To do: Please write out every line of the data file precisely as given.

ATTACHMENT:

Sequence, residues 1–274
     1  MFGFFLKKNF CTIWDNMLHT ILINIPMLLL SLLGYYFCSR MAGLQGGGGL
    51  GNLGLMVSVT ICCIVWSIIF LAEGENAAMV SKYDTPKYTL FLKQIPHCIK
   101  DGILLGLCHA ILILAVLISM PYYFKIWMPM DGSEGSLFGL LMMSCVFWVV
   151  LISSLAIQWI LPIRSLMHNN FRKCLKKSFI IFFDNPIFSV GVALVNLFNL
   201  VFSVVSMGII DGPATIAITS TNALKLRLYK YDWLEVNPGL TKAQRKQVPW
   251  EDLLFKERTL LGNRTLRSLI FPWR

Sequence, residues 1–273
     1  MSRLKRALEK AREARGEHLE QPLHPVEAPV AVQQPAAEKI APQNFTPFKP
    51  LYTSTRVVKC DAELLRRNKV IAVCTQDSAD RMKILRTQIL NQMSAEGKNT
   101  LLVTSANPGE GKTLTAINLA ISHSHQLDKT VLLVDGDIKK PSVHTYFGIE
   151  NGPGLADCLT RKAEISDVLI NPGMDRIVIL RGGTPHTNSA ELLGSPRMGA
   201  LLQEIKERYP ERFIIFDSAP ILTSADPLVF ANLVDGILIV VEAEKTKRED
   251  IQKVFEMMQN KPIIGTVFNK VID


Sequence, residues 1–274
     1  MFGFFLKKNF CTIWDNMLHT ILINIPMLLL SLLGYYFCSR MAGLQGGGGL
    51  GNLGLMVSVT ICCIVWSIIF LAEGENAAMV SKYDTPKYTL FLKQIPHCIK
   101  DGILLGLCHA ILILAVLISM PYYFKIWMPM DGSEGSLFGL LMMSCVFWVV
   151  LISSLAIQWI LPIRSLMHNN FRKCLKKSFI IFFDNPIFSV GVALVNLFNL
   201  VFSVVSMGII DGPATIAITS TNALKLRLYK YDWLEVNPGL TKAQRKQVPW
   251  EDLLFKERTL LGNRTLRSLI FPWR

Sequence, residues 1–273
     1  MSRLKRALEK AREARGEHLE QPLHPVEAPV AVQQPAAEKI APQNFTPFKP
    51  LYTSTRVVKC DAELLRRNKV IAVCTQDSAD RMKILRTQIL NQMSAEGKNT
   101  LLVTSANPGE GKTLTAINLA ISHSHQLDKT VLLVDGDIKK PSVHTYFGIE
   151  NGPGLADCLT RKAEISDVLI NPGMDRIVIL RGGTPHTNSA ELLGSPRMGA
   201  LLQEIKERYP ERFIIFDSAP ILTSADPLVF ANLVDGILIV VEAEKTKRED
   251  IQKVFEMMQN KPIIGTVFNK VID